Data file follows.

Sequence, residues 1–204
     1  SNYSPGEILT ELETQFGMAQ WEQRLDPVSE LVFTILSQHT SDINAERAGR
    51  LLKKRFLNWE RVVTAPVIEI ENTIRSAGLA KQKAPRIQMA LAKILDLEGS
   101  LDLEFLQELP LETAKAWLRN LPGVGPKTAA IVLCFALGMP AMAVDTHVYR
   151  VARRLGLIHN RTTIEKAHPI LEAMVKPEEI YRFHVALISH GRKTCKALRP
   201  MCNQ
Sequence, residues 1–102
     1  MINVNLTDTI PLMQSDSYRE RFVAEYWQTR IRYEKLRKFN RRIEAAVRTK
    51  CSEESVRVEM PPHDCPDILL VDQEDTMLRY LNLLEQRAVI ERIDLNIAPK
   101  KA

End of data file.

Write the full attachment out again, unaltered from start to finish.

Sequence, residues 1–204
     1  SNYSPGEILT ELETQFGMAQ WEQRLDPVSE LVFTILSQHT SDINAERAGR
    51  LLKKRFLNWE RVVTAPVIEI ENTIRSAGLA KQKAPRIQMA LAKILDLEGS
   101  LDLEFLQELP LETAKAWLRN LPGVGPKTAA IVLCFALGMP AMAVDTHVYR
   151  VARRLGLIHN RTTIEKAHPI LEAMVKPEEI YRFHVALISH GRKTCKALRP
   201  MCNQ
Sequence, residues 1–102
     1  MINVNLTDTI PLMQSDSYRE RFVAEYWQTR IRYEKLRKFN RRIEAAVRTK
    51  CSEESVRVEM PPHDCPDILL VDQEDTMLRY LNLLEQRAVI ERIDLNIAPK
   101  KA